Pandemic times bring luster to livestream concerts

Dua Lipa is just one of the artists turning to livestream gigs with “Studio 2054,” an exclusive live performance streaming live, November 27. Image: courtesy of Live Now

Adapting is the name of the game. With theaters and concert halls closed again in many global locations to stop the spread of COVID-19, artists are instead turning to the internet, streaming concerts to allow fans to enjoy their music in a new way. These live performances, which may once have been free, are now vying to become a new revenue stream for the struggling industry.

From Dua Lipa, Gorillaz and Jessie J to Liam Gallagher, Major Lazer and Metallica, all kinds of acts are getting in on the game, organizing exclusive performances that music fans can watch live from the comfort of their homes. Many artists already tested the water during spring’s lockdowns, although without investing too much in the production of these makeshift livestream performances. Music fans may still remember a laid-back John Legend tinkling the ivories in a bathrobe, or Alessia Cara embarking on an acoustic set in her bathroom for the MTV “Unplugged at Home” series.

After a few weeks of random and impromptu performances, these virtual gigs upped their game and started being streamed from more prestigious locations, such as London’s Alexandra Palace, The Roxy club in Los Angeles and even the V&A Museum. Add high-quality lighting, multiple and varied camera angles, sometimes even special effects, and these once free concerts suddenly morphed into exclusive pay-per-view events.

The cost of technology

Ticket prices vary, although they’re often around the US$15 mark. While Dua Lipa promises to take fans on a “kaleidoscope, rocket-filled, journey through time” to discover her latest album for $15-20, Billie Eilish charged up to $30 for livestream tickets to her global virtual concert, “Where

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Zanardi transferred to Padua hospital 5 months after crash

MILAN — Italian auto racing champion-turned-Paralympic gold medallist Alex Zanardi was transferred to a hospital in Padua on Saturday to continue his recovery, more than five months after he was seriously injured in a handbike crash.

Zanardi underwent several surgeries at hospitals in Siena and later in Milan to stabilize him and reconstruct his severely damaged face after crashing into an oncoming truck during a relay event near the Tuscan town of Pienza on June 19.

“The patient has reached a generally stable physical and neurological condition that permitted his transfer to another hospital equipped with all the necessary clinical specialties and closer to the family home,” the San Raffaele hospital in Milan said in a statement.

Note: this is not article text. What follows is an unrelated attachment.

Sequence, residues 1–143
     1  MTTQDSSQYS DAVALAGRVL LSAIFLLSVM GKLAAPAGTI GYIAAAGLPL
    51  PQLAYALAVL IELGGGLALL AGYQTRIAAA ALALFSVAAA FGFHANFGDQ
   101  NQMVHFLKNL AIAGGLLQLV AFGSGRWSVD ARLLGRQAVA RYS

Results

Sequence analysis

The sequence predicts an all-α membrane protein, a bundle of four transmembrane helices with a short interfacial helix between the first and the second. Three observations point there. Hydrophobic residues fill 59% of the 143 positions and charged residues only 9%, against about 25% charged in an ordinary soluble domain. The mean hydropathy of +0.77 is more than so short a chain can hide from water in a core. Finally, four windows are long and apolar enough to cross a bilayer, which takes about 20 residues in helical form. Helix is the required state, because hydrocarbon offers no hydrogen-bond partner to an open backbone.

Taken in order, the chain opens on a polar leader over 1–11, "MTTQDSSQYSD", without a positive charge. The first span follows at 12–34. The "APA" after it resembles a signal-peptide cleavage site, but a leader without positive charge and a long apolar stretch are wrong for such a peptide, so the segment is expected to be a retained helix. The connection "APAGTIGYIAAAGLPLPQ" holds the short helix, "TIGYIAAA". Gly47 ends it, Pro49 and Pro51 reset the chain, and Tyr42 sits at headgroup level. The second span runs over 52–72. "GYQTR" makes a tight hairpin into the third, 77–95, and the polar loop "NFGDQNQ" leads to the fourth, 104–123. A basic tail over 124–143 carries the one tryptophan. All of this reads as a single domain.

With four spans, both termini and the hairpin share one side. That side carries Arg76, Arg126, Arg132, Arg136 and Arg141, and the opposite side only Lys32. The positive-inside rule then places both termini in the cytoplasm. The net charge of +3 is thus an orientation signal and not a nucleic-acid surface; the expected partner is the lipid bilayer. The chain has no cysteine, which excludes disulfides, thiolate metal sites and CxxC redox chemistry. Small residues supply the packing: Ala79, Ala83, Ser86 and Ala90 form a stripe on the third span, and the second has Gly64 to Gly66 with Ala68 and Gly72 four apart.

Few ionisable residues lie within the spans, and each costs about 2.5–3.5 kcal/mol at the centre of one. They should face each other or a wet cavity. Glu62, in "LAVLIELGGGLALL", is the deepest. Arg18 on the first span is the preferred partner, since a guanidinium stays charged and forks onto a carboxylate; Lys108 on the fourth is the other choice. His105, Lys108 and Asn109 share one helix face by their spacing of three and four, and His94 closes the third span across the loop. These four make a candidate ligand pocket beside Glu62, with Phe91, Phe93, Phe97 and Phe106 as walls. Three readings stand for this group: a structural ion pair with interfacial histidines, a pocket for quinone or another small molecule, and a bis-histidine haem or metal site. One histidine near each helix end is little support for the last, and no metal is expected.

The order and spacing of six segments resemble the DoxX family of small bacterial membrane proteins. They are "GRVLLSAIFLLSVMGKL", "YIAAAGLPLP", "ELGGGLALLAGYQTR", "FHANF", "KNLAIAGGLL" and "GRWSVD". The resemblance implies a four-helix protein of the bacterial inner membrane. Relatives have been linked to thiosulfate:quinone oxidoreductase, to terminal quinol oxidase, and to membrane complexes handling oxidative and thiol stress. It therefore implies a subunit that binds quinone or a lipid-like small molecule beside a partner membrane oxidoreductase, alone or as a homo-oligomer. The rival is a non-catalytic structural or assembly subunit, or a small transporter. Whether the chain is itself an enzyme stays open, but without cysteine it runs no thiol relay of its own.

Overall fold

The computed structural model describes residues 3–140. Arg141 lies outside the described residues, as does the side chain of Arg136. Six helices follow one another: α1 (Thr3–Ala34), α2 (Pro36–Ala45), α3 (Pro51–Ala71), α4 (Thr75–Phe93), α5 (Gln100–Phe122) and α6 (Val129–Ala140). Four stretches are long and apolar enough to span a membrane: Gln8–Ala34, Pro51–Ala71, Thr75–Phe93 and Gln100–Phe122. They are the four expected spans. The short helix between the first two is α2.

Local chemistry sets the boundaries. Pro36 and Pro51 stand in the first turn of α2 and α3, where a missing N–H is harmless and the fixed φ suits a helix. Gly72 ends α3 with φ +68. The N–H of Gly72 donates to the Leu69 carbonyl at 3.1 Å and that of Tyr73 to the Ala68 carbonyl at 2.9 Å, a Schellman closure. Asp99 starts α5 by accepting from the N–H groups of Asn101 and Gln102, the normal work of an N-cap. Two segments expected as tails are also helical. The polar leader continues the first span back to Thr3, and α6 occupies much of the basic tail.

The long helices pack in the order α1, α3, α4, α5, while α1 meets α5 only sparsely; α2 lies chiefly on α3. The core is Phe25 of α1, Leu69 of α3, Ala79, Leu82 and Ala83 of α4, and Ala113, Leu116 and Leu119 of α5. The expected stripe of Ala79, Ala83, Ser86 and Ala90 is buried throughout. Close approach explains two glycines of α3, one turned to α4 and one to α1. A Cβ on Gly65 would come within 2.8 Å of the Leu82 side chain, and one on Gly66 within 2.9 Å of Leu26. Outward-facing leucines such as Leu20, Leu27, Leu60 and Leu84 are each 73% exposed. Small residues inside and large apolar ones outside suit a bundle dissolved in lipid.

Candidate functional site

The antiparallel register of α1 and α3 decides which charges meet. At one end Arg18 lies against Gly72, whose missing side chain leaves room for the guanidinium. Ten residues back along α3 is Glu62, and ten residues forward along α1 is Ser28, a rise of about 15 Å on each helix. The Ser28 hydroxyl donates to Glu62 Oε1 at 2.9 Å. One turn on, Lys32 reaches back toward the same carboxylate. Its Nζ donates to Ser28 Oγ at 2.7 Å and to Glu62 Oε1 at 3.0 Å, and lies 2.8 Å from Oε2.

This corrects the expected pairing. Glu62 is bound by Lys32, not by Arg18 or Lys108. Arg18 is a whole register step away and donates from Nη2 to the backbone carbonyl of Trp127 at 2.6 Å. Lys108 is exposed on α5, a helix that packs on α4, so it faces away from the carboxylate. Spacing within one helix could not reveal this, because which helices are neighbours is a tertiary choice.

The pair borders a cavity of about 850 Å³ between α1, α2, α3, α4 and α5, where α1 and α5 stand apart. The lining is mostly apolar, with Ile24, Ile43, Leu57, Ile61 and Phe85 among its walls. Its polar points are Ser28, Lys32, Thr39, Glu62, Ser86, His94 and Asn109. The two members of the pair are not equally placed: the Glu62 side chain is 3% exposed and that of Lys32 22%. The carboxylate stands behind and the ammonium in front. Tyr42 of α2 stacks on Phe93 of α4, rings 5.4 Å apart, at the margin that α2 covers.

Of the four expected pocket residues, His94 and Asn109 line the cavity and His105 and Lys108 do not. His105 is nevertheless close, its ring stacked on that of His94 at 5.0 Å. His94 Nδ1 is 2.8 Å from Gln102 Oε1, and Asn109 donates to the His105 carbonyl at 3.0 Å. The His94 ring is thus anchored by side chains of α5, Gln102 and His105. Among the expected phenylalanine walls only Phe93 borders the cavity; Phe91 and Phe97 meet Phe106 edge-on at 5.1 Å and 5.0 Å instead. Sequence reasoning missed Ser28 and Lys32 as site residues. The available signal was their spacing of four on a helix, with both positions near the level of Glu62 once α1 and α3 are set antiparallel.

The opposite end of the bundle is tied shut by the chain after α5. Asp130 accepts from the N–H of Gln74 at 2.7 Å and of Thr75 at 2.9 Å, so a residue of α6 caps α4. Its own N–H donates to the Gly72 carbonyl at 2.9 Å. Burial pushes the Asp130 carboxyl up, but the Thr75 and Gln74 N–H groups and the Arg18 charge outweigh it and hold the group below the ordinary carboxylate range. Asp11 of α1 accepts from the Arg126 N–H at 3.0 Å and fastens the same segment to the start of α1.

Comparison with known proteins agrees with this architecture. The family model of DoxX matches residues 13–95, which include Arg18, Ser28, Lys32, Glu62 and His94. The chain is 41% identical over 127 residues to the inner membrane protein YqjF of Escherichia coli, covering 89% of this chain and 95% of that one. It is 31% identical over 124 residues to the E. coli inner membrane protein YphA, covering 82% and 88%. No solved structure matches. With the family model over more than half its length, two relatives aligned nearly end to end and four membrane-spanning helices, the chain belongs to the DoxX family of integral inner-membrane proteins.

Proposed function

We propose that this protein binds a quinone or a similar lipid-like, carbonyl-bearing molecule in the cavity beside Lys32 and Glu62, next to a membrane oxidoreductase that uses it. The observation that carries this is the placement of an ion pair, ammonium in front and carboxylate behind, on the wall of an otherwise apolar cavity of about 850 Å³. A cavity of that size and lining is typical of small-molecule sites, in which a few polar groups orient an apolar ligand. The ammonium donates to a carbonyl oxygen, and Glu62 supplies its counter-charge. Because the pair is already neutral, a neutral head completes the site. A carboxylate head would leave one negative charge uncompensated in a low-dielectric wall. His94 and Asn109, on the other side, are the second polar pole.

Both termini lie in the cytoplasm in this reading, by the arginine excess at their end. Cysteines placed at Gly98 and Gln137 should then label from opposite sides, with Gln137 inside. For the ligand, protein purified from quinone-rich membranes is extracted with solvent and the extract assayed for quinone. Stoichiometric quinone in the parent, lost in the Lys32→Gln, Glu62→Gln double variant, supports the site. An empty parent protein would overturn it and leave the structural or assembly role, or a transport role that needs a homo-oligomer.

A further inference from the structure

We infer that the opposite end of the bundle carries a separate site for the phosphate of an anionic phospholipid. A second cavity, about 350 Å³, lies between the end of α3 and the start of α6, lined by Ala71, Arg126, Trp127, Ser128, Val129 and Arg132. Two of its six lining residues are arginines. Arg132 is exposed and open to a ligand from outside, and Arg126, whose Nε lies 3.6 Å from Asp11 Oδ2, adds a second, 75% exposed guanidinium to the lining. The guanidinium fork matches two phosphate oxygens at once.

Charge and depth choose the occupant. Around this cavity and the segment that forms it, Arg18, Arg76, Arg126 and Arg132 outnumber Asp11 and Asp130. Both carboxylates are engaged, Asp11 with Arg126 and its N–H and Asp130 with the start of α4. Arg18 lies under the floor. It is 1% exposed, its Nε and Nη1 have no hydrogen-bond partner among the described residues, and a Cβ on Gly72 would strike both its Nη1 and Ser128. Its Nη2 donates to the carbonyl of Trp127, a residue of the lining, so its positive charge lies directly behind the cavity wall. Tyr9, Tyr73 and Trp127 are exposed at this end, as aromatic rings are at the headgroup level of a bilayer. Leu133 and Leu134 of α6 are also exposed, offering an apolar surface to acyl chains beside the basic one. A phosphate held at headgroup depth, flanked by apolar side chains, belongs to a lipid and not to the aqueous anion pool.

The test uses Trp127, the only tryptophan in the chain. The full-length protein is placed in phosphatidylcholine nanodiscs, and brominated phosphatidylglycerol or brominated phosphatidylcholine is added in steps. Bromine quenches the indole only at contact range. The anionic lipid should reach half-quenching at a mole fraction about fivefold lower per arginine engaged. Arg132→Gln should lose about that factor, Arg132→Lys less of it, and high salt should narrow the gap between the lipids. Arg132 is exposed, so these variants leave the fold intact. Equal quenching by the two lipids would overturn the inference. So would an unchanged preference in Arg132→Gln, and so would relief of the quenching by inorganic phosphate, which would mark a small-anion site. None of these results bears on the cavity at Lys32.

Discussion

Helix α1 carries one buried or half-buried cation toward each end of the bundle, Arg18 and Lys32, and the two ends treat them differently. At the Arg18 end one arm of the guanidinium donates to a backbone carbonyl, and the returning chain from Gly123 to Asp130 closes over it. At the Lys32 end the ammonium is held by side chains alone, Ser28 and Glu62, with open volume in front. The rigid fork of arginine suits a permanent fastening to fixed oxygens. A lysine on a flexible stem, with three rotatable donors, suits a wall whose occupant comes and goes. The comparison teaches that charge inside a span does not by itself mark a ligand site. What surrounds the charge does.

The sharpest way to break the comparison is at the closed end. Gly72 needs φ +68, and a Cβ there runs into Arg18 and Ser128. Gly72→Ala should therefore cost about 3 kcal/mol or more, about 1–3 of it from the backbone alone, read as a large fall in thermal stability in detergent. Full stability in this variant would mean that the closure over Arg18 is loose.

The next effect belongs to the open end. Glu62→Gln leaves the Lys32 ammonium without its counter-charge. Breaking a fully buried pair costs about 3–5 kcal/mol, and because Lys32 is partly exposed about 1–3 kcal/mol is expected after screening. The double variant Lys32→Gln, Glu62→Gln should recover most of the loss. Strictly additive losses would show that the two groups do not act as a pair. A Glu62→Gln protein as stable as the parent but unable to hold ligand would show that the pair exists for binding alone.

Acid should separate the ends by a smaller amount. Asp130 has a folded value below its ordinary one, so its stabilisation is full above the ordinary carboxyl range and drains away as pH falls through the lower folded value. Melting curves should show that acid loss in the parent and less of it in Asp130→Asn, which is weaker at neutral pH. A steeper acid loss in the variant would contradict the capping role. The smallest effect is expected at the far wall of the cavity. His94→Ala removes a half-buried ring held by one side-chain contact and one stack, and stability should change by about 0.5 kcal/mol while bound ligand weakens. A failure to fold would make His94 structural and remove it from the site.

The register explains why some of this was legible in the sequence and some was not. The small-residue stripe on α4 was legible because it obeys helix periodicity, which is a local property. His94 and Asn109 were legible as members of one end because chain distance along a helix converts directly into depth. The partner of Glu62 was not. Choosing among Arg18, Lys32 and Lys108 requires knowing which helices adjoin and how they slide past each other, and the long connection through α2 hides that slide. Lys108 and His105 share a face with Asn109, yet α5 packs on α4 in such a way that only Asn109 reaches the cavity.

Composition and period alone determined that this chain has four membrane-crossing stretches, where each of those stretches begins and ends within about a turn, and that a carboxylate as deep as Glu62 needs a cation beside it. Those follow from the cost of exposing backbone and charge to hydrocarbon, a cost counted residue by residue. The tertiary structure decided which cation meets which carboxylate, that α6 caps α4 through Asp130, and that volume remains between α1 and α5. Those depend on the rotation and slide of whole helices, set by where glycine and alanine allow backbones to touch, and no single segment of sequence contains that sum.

The 54-year-old Zanardi suffered serious facial and cranial trauma in the crash and was put in a medically induced coma. Doctors have warned of possible brain damage.

Zanardi lost both of his legs in an auto racing crash nearly 20 years ago. He won four gold medals and two silvers at the 2012 and 2016 Paralympics. He also competed in the New York City Marathon and set an Ironman record in his class.

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Despite Parks’ scoring outburst, Phoenix to keep defensive scheme

Ray Parks vs Phoenix defenders. PBA IMAGES

MANILA, Philippines—Bobby Ray Parks Jr. was a napalm burst for TNT in its Game 2 matchup against Phoenix in the PBA Philippine Cup semifinals, but as he was tearing nylon with every shot he took his team wasn’t as lucky.

The Fuel Masters may have allowed Parks to torch them for 41 points, on 10-of-14 shooting from deep, the Tropang Giga failed to follow suit as they fell 110-103 to Phoenix for a tied series at 1-1.

Phoenix head coach Topex Robinson said that he and his team know Parks’ scoring prowess, but he’s not in a hurry to change his defensive game plans and focus solely on the high-volume scorer.

“We know that Rayray could really light it up,” said Robinson Friday at Angeles University Foundation. “We know that, we honor him, and we respect him as a great scorer.”

“But as long as we focus on what we have control of and that’s how we’re gonna play our defense and also our offense. We don’t have control of Rayray scoring 41 or even scoring 50 which he could do.”

Parks finished the eliminations as the third-best score with 20.1 points a game and his scoring outburst against the Fuel Masters saw him tie the RR Pogoy’s franchise record for most-made threes in a single game.

The 6-foot-4 guard also bumped his average scoring numbers to 26 a game, from 18.5 points per game, in the playoffs thanks to his firebrand performance against Phoenix.

TNT still had four other players score in double figures but two of them, Troy Rosario and Pogoy, went a combined 9-of-31 from the field.

Of the Tropang Giga who attempted at least five shots only Parks, Poy Erram, and Simon Enciso had respectable shooting percentages of at

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